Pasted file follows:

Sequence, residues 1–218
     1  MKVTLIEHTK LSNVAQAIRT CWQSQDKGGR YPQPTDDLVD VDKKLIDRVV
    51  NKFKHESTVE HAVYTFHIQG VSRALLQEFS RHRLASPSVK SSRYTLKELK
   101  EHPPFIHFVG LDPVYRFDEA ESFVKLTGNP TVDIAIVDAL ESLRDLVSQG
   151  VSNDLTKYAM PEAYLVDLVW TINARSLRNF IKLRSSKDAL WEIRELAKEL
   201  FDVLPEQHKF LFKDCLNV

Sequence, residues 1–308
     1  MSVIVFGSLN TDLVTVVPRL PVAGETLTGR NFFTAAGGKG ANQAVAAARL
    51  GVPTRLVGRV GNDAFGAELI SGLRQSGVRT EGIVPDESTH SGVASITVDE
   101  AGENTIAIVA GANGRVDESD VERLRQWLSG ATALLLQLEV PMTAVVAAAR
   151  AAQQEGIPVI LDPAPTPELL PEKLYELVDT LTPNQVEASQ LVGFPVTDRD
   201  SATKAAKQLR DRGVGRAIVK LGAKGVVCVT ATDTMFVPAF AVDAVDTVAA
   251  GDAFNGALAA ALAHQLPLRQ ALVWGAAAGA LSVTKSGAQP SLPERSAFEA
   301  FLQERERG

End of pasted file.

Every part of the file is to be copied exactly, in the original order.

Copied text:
Sequence, residues 1–218
     1  MKVTLIEHTK LSNVAQAIRT CWQSQDKGGR YPQPTDDLVD VDKKLIDRVV
    51  NKFKHESTVE HAVYTFHIQG VSRALLQEFS RHRLASPSVK SSRYTLKELK
   101  EHPPFIHFVG LDPVYRFDEA ESFVKLTGNP TVDIAIVDAL ESLRDLVSQG
   151  VSNDLTKYAM PEAYLVDLVW TINARSLRNF IKLRSSKDAL WEIRELAKEL
   201  FDVLPEQHKF LFKDCLNV

Sequence, residues 1–308
     1  MSVIVFGSLN TDLVTVVPRL PVAGETLTGR NFFTAAGGKG ANQAVAAARL
    51  GVPTRLVGRV GNDAFGAELI SGLRQSGVRT EGIVPDESTH SGVASITVDE
   101  AGENTIAIVA GANGRVDESD VERLRQWLSG ATALLLQLEV PMTAVVAAAR
   151  AAQQEGIPVI LDPAPTPELL PEKLYELVDT LTPNQVEASQ LVGFPVTDRD
   201  SATKAAKQLR DRGVGRAIVK LGAKGVVCVT ATDTMFVPAF AVDAVDTVAA
   251  GDAFNGALAA ALAHQLPLRQ ALVWGAAAGA LSVTKSGAQP SLPERSAFEA
   301  FLQERERG